Shear-enhanced permeability and poroelastic deformation in unconsolidated sands

Access full-text files




Hamza, Syed Muhammad Farrukh

Journal Title

Journal ISSN

Volume Title



Heavy oil production depends on the understanding of mechanical and flow properties of unconsolidated or weakly consolidated sands under different loading paths and boundary conditions. Reconstituted bitumen-free Athabasca oil-sands samples were used to investigate the geomechanics of a steam injection process such as the Steam Assisted Gravity Drainage (SAGD). Four stress paths have been studied in this work: triaxial compression, radial extension, pore pressure increase and isotropic compression. Absolute permeability, end-point relative permeability to oil & water (kro and krw), initial water saturation and residual oil saturation were measured while the samples deformed. Triaxial compression is a stress path of increasing mean stress while radial extension and pore pressure increase lead to decreasing mean stress. Pore pressure increase experiments were carried out for three initial states: equal axial and confining stresses, axial stress greater than confining stress and confining stress greater than axial stress. Pore pressure was increased under four boundary conditions: 1) constant axial and confining stress; 2) constant axial stress and zero radial strain; 3) zero axial strain and constant confining stress; and 4) zero axial and radial strain. These experiments were designed to mimic geologic conditions where vertical stress was either S1 or S3, the lateral boundary conditions were either zero strain or constant stress, and the vertical boundary conditions were either zero strain or constant stress. Triaxial compression caused a decrease in permeability as the sample compacted, followed by appreciable permeability enhancement during sample dilation. Radial extension led to sample dilation, shear failure and permeability increase from the beginning. The krw and kro increased by 40% and 15% post-compaction respectively for the samples corresponding to lower depths during triaxial compression. For these samples, residual oil saturation decreased by as much as 40%. For radial extension, the permeability enhancement decreased with depth and ranged from 20% to 50% while the residual oil saturation decreased by up to 55%. For both stress paths, more shear-enhanced permeability was observed for samples tested at lower pressures, implying that permeability enhancement is higher for shallower sands. The pore pressure increase experiments showed an increase of only 0-10% in absolute permeability except when the effective stress became close to zero. This could possibly have occurred due to steady state flow not being reached during absolute permeability measurement. The krw curves generally increased as the pore pressure was increased from 0 psi. The increase ranged from 5% to 44% for the different boundary conditions and differential stresses. The kro curves also showed an increasing trend for most of the cases. The residual oil saturation decreased by 40-60% for samples corresponding to shallow depths while it increased by 0-10% for samples corresponding to greater depths. The reservoirs with high differential stress are more conducive to favorable changes in permeability and residual oil saturation. These results suggested that a decreasing mean stress path is more beneficial for production increase than an increasing mean stress path. The unconsolidated sands are over-consolidated because of previous ice loading which makes the sand matrix stiffer. In this work, it was found that over-consolidation, as expected, decreased the porosity and permeability (40-50%) and increased the Young’s and bulk moduli of the sand. The result is sand which failed at higher than expected stress during triaxial compression. Overall, results show that lab experiments support increased permeability due to steam injection operations in heavy oil, and more importantly, the observed reduction in residual oil saturation implies SAGD induced deformation should improve recovery factors.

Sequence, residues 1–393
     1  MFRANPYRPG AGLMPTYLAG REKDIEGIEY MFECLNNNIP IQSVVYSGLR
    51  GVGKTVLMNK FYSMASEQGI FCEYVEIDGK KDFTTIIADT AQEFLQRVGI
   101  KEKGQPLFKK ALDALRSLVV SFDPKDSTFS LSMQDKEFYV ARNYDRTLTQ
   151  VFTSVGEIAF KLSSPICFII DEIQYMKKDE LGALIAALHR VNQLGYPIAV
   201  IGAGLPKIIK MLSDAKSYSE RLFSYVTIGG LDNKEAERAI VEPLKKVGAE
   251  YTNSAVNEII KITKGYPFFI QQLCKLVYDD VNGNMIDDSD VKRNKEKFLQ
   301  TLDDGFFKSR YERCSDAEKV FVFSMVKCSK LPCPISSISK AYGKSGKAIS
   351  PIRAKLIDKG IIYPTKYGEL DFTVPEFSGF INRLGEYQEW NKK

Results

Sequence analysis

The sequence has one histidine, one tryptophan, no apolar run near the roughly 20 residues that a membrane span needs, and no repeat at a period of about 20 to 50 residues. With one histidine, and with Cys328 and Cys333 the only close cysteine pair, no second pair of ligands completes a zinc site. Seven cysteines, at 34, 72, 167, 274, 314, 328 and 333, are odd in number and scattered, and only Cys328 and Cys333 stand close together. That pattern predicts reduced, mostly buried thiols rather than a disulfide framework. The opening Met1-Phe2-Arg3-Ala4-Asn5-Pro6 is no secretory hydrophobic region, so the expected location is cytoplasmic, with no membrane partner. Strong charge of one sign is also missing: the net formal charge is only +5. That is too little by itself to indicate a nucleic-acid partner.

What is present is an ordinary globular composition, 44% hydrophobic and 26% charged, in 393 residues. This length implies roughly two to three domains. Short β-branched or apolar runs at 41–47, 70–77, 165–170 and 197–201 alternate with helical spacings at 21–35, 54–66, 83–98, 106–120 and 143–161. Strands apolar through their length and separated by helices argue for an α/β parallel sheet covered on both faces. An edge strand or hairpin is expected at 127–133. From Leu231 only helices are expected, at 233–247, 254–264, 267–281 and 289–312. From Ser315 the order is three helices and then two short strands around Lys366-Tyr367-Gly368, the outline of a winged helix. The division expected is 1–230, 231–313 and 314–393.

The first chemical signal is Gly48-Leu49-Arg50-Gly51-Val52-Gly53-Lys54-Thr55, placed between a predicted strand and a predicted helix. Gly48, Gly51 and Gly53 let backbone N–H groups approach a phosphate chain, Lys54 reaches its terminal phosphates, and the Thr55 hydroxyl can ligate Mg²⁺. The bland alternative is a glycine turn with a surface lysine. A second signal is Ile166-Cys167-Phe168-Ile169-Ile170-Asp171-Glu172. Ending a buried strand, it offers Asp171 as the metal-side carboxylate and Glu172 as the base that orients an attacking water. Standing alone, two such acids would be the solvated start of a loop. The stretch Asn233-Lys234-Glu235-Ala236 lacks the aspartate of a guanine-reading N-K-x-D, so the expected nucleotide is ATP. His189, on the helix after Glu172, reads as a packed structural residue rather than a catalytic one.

LCSH Subject Headings